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How campaigns polarize the electorate: Political polarization as an effect of the minimal effect theory within a multi-party system

Publikation: Bidrag til tidsskriftTidsskriftartikelForskningfagfællebedømt

The minimal effect theory of campaign studies stipulates that intense political competition during campaigns assures and reinforces the initial party choice of the electorate. We find that this reinforcement is two-fold. During the campaign, the party preference of the voters’ in-group party increases while the party preference of the voters’ out-group parties decreases. Voters’ preference for their most preferred party (MPP) increases during the election campaign, while their preference for their least liked party decreases during the campaign (LPP). Across parties voters experience an increase in their preference for their most preferred party and a decrease for their least liked party as the campaign progresses. These trends show that the political campaign polarizes the electorate by increasing the affective distance between in-group party and out-group party preferences, thereby resulting in stronger political polarization after the campaign than before the campaign. The data utilized in this study is a large six-wave panel-study of Danish voters’ party preferences during the Danish parliamentary election of 2011. Thus, the analysis provides evidence of the minimal effect theory and of political polarization within a multi-party context.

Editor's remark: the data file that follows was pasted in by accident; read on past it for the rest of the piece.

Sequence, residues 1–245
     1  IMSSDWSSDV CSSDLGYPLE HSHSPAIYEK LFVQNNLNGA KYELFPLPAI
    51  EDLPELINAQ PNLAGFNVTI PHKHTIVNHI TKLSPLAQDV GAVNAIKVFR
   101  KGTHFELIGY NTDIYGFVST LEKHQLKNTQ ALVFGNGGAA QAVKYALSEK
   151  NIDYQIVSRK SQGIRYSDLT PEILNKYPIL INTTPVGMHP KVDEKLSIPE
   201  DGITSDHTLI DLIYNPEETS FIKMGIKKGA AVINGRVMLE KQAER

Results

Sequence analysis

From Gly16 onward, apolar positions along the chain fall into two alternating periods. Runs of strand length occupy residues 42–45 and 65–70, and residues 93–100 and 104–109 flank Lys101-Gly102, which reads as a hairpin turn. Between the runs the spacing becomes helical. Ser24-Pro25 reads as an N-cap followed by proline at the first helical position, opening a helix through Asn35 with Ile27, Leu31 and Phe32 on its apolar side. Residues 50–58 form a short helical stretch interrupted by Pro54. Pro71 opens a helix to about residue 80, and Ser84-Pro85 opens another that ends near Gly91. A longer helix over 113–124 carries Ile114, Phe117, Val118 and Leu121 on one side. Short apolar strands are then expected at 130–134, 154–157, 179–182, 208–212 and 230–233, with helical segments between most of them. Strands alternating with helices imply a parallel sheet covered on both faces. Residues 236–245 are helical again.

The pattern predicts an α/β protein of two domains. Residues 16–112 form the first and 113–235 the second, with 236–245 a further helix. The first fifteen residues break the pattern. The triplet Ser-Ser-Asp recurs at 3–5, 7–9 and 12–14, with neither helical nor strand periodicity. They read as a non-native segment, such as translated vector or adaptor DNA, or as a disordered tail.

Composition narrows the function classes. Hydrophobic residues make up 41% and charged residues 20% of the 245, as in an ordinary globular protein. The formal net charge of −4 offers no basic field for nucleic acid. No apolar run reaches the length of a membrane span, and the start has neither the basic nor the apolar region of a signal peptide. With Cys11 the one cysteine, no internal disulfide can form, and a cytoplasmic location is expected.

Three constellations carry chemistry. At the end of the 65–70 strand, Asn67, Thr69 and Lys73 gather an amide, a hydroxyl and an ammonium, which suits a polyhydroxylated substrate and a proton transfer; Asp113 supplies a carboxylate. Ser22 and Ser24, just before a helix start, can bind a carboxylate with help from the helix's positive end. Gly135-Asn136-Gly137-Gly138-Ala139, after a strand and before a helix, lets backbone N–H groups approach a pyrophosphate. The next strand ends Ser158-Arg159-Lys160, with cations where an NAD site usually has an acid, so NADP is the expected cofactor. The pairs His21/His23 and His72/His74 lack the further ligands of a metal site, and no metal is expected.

OriginalsprogEngelsk
TidsskriftParty Politics
Vol/bind23
Udgave nummer3
Sider (fra-til)181-192
Antal sider12
ISSN1354-0688
DOI
StatusUdgivet - 1 jan. 2017

ID: 196787238